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A closer look: Technology solutions for working flexibly

Smarter Writer
Smarter Team

The Smarter Team is made up of business and technology journalists who write to offer insights to small and medium businesses about technology, business know-how and emerging trends.

Smarter Writer
Smarter Team

The Smarter Team is made up of business and technology journalists who write to offer insights to small and medium businesses about technology, business know-how and emerging trends.

Today’s tech makes working from home not just possible but also efficient and effective. Technology has radically transformed the way we work. We work from home or the office, from co-working spaces or on-the-go – the combination of widely available wi-fi and stronger mobile and broadband networks make it possible to work from more locations than ever before.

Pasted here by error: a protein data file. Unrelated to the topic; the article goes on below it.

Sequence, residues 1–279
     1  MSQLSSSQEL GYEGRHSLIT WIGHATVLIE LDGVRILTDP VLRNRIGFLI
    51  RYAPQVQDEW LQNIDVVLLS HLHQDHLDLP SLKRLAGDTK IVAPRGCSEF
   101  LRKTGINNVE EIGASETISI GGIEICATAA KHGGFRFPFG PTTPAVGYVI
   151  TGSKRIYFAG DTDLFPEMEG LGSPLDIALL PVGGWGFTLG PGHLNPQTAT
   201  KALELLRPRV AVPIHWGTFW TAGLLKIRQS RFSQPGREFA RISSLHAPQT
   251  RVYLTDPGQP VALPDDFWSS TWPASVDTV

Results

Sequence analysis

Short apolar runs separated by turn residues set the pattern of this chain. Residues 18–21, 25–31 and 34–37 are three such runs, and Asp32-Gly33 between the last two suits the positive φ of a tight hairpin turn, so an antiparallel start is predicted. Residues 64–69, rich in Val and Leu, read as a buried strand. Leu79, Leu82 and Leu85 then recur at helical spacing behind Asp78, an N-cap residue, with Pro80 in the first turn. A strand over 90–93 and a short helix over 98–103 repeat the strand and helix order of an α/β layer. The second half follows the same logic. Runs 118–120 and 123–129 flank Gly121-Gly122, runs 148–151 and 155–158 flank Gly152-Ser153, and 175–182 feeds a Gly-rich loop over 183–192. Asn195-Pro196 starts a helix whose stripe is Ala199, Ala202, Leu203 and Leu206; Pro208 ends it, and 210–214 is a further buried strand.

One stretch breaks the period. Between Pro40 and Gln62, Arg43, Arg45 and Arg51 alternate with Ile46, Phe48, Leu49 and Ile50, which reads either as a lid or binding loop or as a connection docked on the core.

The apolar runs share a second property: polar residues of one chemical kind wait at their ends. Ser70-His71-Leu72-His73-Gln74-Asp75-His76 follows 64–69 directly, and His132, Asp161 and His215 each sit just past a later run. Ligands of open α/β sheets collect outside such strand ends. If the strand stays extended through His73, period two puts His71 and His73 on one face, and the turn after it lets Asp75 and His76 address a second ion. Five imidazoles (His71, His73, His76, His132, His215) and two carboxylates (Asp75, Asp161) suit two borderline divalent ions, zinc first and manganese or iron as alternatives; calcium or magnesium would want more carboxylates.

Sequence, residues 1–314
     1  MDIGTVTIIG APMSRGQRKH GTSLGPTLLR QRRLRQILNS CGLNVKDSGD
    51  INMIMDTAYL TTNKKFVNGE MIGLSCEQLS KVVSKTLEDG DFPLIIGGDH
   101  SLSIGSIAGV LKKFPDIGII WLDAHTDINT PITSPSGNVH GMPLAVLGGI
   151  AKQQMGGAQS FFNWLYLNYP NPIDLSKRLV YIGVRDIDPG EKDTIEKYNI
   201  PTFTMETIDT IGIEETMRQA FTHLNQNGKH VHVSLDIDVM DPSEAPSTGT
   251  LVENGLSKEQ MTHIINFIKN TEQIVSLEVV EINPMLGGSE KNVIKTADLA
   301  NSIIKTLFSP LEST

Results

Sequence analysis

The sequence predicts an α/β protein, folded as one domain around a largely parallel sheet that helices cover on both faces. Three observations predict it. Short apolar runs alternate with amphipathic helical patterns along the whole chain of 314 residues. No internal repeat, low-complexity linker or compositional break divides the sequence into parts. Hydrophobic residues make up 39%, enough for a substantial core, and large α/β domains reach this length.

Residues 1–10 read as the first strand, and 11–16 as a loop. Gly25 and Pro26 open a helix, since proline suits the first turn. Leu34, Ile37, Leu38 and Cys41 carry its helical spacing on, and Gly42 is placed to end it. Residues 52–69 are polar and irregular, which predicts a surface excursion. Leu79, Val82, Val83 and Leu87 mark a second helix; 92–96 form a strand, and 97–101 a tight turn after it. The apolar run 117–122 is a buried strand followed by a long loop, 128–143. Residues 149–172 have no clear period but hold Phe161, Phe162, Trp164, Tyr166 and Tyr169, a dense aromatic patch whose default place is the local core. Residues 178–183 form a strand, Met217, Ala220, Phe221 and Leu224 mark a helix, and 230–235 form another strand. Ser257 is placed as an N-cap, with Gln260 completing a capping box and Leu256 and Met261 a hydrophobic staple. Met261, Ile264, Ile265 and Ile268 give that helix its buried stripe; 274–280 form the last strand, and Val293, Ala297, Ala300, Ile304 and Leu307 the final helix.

The ABS reports that “between August 2015 and August 2019 there was an increase in the proportion of employed people who had an agreement to work flexible hours or regularly worked from home”. A recent Wakefield Research survey showed that, in the US, more than two-thirds of office professionals regularly work remotely.

A recent study in the Harvard Business Review pondered, “Is it time to let employees work from anywhere?”

Working flexibly isn’t the future – it’s the now. But flexible work needs flexible tools.

How do you do it, and do it well? Read on for a closer look at the essentials for flexible working.

1. Telecommuting with video conferencing